By James McAbee
axis of symmetry
* a single number, or
* a variable, or
* numbers and variables multiplied together.
In mathematics, a zero, also sometimes called a root, of a real-, complex- or generally vector-valued function fis a member x of the domain of f such that f(x) vanishes at x; that is,
In other words, a "zero" of a function is an input value that produces an output of zero .
A root of a polynomial is a zero of the associated polynomial function. The fundamental theorem of algebrashows that any non-zero polynomial has a number of roots at most equal to its degree and that the number of roots and the degree are equal when one considers the complex roots (or more generally the roots in analgebraically closed extension) counted with their multiplicities. For example, the polynomial f of degree two, defined by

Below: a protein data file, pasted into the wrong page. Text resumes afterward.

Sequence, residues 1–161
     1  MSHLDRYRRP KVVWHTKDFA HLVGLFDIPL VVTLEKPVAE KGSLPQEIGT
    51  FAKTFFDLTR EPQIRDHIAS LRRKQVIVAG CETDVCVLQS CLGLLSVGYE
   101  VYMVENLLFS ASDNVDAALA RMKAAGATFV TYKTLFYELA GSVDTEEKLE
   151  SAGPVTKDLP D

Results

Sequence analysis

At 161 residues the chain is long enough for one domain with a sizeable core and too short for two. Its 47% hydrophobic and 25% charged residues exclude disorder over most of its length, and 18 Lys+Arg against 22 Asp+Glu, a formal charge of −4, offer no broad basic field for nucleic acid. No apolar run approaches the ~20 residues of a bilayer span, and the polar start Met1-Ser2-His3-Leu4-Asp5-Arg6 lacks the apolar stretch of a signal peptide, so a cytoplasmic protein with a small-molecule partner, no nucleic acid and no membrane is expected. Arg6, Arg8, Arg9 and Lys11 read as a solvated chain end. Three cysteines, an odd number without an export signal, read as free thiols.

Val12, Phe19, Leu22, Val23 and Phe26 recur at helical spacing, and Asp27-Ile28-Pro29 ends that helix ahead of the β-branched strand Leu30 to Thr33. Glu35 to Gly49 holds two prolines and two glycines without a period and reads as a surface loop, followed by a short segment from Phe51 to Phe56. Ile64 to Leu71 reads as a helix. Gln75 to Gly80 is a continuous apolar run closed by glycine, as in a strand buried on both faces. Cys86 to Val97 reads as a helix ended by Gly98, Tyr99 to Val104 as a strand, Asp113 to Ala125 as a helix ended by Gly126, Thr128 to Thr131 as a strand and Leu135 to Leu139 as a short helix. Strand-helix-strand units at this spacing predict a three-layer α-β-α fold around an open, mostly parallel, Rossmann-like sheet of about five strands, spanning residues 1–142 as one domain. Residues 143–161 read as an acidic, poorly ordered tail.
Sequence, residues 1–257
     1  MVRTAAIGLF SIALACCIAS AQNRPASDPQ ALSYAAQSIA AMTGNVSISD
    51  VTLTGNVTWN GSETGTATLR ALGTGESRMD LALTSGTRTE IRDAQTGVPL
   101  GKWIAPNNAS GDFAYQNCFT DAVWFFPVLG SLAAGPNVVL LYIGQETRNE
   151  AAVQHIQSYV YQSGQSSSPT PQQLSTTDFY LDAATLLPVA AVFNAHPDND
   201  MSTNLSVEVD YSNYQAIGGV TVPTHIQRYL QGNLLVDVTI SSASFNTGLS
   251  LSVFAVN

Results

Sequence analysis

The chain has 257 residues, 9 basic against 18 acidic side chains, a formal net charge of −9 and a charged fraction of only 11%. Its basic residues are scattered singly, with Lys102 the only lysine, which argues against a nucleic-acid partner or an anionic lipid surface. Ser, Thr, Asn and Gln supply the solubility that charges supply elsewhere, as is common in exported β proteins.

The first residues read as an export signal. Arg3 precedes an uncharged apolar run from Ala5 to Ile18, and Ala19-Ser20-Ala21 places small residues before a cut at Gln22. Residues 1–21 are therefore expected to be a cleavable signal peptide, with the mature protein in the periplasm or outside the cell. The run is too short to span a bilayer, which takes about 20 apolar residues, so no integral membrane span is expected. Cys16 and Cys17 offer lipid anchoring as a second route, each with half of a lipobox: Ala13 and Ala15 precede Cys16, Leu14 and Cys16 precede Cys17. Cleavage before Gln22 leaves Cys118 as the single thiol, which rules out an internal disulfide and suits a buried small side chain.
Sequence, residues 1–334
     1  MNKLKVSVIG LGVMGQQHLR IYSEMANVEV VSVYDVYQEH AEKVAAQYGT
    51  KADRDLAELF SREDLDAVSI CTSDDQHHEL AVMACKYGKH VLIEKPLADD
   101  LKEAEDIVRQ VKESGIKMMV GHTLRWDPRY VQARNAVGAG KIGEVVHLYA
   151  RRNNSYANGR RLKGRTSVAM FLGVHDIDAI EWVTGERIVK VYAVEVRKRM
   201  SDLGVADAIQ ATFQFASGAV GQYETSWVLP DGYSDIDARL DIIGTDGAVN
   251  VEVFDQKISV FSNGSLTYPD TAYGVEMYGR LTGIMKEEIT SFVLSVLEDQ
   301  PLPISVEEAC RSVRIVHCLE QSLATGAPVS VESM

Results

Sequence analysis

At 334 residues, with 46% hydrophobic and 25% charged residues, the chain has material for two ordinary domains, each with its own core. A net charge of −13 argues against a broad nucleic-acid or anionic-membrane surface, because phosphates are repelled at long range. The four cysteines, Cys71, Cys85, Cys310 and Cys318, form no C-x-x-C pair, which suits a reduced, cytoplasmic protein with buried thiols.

has the two roots 2 and 3, since
If the function maps real numbers to real numbers, its zeroes are the x-coordinates of the points where its graph meets the x-axis. An alternative name for such a point (x,0) in this context is an x-intercept.